The Xanthian Obelisk, also known as the Xanthos or Xanthus Stele, the Xanthos or Xanthus Bilingual, the Inscribed Pillar of Xanthos or Xanthus, the Harpagus Stele, the Pillar of Kherei and the Columna Xanthiaca, is a stele bearing an inscription currently believed to be trilingual, found on the acropolis of the ancient Lycian city of Xanthos, or Xanthus, near the modern town of Kınık in southern Turkey. It was created when Lycia was part of the Persian Achaemenid Empire, and dates in all likelihood to ca. 400 BC. The pillar is seemingly a funerary marker of a dynastic satrap of Achaemenid Lycia. The dynast in question is mentioned of the stele, but his name had been mostly defaced in the several places where he is mentioned: he could be Kherei (Xerei) or more probably his predecessor Kheriga.
Apollonia was an ancient city in Lycia. Its ruins are located near Kiliçli (Sıçak), a small village in the Kaş district of Antalya Province, Turkey.
Mithrapata was dynast of Lycia in the early 4th century BC, at a time when this part of Anatolia was subject to the Persian, or Achaemenid, Empire.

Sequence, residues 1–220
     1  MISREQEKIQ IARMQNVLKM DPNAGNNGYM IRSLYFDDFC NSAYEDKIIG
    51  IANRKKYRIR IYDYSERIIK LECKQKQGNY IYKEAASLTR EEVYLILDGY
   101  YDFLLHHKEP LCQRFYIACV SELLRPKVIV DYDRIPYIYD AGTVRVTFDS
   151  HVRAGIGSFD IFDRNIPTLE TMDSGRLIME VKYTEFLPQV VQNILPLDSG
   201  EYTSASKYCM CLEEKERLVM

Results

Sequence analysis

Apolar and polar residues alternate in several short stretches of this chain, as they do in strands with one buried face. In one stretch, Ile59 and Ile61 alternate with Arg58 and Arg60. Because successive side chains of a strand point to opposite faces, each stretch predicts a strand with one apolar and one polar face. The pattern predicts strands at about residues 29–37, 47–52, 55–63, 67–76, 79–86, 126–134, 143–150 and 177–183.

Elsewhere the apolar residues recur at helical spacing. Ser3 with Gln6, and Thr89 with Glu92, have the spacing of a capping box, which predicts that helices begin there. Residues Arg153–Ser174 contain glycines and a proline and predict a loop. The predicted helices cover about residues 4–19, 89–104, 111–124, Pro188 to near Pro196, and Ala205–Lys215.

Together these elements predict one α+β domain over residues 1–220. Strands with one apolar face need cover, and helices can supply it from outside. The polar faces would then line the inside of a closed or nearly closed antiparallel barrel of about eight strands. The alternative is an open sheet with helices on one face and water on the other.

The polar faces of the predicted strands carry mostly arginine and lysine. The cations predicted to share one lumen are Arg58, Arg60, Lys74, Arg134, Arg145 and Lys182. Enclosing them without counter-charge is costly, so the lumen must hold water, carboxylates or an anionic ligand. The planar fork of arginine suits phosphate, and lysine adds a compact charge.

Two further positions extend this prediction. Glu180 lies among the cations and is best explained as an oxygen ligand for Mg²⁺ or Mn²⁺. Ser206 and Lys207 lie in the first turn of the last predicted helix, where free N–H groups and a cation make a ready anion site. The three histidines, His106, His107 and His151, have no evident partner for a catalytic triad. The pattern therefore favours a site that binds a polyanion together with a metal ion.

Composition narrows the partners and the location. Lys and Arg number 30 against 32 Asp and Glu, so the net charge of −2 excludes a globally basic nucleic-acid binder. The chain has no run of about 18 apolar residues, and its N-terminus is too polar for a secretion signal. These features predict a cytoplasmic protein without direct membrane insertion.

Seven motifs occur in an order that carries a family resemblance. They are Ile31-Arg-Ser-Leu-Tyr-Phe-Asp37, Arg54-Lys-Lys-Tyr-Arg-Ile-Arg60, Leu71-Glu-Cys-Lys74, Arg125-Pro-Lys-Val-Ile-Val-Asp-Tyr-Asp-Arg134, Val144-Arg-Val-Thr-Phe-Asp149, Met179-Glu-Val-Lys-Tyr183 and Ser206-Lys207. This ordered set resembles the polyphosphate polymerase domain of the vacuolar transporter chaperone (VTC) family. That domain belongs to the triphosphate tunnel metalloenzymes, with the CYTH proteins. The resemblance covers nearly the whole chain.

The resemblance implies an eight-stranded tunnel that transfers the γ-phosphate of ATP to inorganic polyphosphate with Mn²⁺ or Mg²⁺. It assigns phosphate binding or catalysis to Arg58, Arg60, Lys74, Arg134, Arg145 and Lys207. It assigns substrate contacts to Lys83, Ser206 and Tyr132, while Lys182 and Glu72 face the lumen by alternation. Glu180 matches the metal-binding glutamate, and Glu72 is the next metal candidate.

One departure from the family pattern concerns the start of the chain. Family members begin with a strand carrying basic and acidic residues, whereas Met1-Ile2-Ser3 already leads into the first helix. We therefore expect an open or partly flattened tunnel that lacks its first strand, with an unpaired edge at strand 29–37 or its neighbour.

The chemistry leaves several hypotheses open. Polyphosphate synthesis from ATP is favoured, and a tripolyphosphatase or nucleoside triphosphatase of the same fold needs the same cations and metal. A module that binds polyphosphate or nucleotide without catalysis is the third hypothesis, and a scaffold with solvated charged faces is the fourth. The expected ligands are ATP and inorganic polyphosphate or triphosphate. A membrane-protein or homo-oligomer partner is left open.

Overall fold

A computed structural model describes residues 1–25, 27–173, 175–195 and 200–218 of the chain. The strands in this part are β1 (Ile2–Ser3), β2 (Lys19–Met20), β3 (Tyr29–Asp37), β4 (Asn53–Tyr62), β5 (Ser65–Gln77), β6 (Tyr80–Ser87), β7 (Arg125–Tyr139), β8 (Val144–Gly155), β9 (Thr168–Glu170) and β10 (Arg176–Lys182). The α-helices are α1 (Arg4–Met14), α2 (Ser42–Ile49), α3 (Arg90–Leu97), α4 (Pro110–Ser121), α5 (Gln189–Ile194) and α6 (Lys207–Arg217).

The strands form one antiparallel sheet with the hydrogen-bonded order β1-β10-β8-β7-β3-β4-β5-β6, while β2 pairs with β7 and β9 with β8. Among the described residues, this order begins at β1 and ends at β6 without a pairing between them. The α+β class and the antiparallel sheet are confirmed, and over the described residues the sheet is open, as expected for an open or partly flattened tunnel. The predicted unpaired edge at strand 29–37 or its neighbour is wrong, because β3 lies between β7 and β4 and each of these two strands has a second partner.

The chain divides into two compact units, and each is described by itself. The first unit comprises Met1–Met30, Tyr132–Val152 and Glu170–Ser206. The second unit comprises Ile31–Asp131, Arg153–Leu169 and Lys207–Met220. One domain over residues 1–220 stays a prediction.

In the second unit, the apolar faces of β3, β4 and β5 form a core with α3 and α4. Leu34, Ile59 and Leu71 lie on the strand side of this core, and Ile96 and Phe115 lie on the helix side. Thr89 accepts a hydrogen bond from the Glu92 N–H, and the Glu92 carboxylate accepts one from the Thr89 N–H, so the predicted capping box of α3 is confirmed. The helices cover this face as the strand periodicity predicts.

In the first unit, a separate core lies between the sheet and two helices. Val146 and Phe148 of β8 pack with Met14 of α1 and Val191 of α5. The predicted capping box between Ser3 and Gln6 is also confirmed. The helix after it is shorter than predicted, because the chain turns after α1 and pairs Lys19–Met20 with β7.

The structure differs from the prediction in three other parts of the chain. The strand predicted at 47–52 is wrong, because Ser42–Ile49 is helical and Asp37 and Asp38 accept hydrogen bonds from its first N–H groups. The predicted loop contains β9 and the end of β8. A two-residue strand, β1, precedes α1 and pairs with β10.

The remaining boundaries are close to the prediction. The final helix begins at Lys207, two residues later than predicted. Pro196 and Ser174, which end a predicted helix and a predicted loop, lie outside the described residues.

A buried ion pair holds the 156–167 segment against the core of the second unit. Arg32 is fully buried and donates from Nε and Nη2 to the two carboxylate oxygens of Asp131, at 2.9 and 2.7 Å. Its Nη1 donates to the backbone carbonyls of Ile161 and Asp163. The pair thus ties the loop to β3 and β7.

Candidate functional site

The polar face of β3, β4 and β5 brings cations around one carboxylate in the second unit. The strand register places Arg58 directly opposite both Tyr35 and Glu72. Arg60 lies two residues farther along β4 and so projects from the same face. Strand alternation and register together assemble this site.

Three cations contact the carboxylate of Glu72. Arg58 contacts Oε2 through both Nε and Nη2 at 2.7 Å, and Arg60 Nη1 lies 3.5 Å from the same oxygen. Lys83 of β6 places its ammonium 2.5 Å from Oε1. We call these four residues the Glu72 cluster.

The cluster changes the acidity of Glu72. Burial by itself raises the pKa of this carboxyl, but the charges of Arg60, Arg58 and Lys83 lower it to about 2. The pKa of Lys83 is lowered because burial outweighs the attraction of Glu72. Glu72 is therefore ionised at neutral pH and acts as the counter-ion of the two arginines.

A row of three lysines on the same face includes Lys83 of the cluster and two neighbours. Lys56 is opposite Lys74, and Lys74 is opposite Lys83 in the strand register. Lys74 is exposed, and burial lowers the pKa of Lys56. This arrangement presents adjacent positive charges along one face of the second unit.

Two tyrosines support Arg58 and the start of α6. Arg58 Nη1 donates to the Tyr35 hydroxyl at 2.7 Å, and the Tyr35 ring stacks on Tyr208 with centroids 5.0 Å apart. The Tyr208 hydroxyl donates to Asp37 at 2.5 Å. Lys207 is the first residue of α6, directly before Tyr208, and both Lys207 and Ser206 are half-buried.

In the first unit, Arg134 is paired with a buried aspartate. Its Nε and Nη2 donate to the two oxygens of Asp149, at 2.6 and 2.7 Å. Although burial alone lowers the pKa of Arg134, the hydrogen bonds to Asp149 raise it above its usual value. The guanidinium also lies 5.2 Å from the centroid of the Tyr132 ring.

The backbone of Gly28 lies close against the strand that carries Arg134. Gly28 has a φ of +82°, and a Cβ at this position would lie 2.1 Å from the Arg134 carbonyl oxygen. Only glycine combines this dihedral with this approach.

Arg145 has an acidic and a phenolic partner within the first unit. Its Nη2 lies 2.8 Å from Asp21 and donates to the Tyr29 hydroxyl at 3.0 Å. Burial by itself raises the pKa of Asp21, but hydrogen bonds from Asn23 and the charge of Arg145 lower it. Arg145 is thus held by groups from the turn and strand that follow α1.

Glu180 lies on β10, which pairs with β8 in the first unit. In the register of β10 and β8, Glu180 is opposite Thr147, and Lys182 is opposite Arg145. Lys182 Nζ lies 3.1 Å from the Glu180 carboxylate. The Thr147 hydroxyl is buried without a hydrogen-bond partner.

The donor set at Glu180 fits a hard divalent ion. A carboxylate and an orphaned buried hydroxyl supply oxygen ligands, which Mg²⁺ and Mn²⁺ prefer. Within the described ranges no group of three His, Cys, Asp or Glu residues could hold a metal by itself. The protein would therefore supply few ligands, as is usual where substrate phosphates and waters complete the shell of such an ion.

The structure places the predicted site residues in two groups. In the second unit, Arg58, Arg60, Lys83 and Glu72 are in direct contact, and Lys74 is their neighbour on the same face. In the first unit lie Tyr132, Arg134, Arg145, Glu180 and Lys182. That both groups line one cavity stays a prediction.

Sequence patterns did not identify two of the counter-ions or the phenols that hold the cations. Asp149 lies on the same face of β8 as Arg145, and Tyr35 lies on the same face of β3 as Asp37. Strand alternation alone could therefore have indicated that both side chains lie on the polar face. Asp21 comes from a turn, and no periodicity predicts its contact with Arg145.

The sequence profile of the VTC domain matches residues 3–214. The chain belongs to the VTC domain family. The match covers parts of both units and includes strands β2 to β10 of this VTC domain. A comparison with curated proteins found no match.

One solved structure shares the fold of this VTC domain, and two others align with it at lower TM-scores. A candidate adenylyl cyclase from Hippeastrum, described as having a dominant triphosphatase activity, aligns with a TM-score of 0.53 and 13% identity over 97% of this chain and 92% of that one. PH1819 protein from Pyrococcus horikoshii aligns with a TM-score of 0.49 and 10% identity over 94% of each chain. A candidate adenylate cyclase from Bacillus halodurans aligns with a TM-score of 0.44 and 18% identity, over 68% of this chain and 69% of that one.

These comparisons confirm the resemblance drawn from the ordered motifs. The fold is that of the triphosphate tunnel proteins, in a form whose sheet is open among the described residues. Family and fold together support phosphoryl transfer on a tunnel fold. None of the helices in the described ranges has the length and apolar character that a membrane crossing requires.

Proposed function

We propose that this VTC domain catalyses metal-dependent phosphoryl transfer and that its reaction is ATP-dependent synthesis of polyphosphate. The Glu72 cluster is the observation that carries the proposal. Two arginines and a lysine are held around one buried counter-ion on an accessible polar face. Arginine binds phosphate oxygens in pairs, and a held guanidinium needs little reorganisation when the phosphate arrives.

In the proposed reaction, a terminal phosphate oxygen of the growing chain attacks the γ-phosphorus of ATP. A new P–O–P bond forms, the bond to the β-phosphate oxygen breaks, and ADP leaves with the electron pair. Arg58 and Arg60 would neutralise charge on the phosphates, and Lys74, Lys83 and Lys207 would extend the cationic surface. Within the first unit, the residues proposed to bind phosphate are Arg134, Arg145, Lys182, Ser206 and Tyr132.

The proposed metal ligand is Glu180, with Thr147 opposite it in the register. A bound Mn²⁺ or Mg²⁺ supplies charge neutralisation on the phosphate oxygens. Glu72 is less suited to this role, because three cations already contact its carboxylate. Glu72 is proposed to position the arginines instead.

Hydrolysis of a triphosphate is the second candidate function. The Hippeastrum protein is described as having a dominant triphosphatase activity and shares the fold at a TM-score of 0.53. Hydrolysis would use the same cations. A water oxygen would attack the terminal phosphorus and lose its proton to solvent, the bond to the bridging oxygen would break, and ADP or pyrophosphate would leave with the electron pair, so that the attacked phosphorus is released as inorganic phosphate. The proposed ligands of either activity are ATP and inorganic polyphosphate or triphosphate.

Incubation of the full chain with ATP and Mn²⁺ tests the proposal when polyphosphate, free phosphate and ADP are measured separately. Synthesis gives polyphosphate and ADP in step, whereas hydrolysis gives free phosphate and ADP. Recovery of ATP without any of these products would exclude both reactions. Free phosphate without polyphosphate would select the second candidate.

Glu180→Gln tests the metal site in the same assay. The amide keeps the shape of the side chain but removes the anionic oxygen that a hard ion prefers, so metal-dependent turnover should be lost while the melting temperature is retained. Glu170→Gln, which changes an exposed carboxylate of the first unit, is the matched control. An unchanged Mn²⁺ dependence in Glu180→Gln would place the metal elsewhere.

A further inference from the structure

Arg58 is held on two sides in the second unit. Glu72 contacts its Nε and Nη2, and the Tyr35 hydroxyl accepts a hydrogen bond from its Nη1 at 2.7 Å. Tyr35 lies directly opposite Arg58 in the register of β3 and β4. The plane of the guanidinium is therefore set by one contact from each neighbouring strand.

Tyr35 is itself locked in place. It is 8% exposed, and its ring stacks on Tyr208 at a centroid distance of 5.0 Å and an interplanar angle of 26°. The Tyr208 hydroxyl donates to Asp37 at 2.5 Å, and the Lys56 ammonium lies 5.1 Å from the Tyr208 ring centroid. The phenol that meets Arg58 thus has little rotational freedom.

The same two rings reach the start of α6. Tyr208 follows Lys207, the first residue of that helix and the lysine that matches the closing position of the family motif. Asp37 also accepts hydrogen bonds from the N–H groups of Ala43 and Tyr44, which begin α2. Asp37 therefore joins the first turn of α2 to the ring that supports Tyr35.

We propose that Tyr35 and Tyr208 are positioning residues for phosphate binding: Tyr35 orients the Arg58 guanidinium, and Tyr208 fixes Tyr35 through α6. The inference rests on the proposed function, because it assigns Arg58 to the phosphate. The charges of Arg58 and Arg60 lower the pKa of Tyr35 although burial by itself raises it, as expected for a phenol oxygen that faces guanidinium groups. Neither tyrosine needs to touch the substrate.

Xanthos, also called Xanthus, was a chief city state of the Lycians, an indigenous people of southwestern Anatolia. Many of the tombs at Xanthos are pillar tombs, formed of a stone burial chamber on top of a large stone pillar. The body would be placed in the top of the stone structure, elevating it above the landscape. The tombs are for men who ruled in a Lycian dynasty from the mid-6th century to the mid-4th century BCE and help to show the continuity of their power in the region. Not only do the tombs serve as a form of monumentalization to preserve the memory of the rulers, but they also reveal the adoption of Greek style of decoration.
Artumpara, also Arttum̃para, Artembares was an Achaemenid Satrap of Lycia circa 400-370 BCE. He was involved in the Great Satraps' Revolt on the side of central Achaemenid authority in 366-360 BCE, helping to put down the rebel Datames. He is well known for his coinage.
Kybernis or Kubernis, also abbreviated KUB on his coins in Lycian, called Cyberniscus son of Sicas by Herodotus, was a dynast of Lycia, at the beginning of the time it was under the domination of the Achaemenid Empire. He is best known through his tomb, the Harpy Tomb, the decorative remains of which are now in the British Museum.
Perikles, was the last known dynast of Lycia. He ruled c. 380–360 BCE over eastern Lycia from Limyra, at a time when Western Lycia was directly under Persian domination.
Kherei was dynast of Lycia, ruler of the area of Xanthos, at a time when this part of Anatolia was subject to the Persian, or Achaemenid, Empire.
Kuprilli was a dynast of Lycia, at a time when this part of Anatolia was subject to the Persian, or Achaemenid, Empire. Kuprilli ruled at the time of the Athenian alliance, the Delian League.